Local teachers ‘frustrated’ with bargaining: union rep

Teachers seeking additional items in local negotiations

Greater Victoria parents won’t see their children’s report cards and might not have a chance at parent-teacher interviews, unless they schedule a meeting themselves.

Strike notice served last week by B.C. teachers take effect Sept. 6, the first day of school. It’s a teach-only strike, meaning for the most part, classes will operate as usual. However, the work-to-rule edict means teachers will not meet with principals or other administrators, fill out forms or assemble data.

“Teachers are very frustrated,” said Tara Ehrcke, president of the Greater Victoria Teachers’ Association. “Teachers don’t understand how a government can publicly say they’re putting families first and can clearly afford big bonuses and severance packages for senior staff, but teachers that have been toiling for a decade under substandard conditions have to go back to those conditions this fall.”

In other school districts, teachers will stop supervising students on recess, but in the Greater Victoria school district, that responsibility was farmed out to CUPE staff in the 1990s.

In addition to provincial-level negotiatons, Ehrcke added, local teachers are seeking paid discretionary days, changes to wording in their workplace safety contract and changes to classroom size and composition.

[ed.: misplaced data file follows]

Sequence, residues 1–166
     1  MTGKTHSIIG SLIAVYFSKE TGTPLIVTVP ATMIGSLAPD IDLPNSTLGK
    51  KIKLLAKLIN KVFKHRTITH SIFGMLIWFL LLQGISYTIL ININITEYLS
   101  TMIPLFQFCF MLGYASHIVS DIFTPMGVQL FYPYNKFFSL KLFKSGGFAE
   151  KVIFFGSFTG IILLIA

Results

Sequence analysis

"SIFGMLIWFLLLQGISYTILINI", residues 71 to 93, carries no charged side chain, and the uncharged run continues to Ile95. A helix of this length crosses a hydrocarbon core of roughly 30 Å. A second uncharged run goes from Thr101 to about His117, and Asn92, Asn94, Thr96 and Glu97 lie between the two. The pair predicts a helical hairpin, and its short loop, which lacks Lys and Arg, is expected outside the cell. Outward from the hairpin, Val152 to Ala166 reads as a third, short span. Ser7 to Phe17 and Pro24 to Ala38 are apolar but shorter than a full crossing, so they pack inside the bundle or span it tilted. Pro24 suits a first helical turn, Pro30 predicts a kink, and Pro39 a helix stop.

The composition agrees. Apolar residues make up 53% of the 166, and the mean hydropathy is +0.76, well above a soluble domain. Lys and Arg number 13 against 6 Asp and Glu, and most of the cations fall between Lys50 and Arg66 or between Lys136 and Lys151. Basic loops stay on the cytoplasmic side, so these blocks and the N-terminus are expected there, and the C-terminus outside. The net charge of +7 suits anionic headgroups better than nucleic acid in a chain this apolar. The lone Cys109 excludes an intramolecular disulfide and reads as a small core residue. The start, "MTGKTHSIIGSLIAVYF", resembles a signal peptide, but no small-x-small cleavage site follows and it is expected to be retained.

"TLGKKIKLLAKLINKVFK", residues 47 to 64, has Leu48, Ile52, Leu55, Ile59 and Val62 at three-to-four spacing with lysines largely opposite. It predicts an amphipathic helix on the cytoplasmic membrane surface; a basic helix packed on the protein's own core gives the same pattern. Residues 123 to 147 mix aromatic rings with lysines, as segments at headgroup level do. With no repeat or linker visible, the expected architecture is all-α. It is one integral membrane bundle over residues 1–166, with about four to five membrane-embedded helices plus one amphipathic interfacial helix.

As of Friday, no new talks had been scheduled.

In July, B.C. Teachers’ Federation negotiators tabled demands including wage parity with other provinces, doubled bereavement leave to provide 10 days paid leave on the death of a friend or relative, increased preparation time and a retirement bonus that would give departing teachers an extra five-per-cent payout for each year worked.

The B.C. Public School Employers’ Association says the pay demand would mean a 21-per-cent raise for some teachers to match Alberta rates. It calculates that the entire package of demands would cost an extra $2.2 billion.

The B.C. government has settled contracts with a majority of its unionized staff this year, working within a “net zero” budget mandate.

Education Minister George Abbott has repeatedly indicated that the same mandate applies to teacher talks, with any extra costs offset by savings in other contract areas.

– with files from Tom Fletcher

ecardone@vicnews.com

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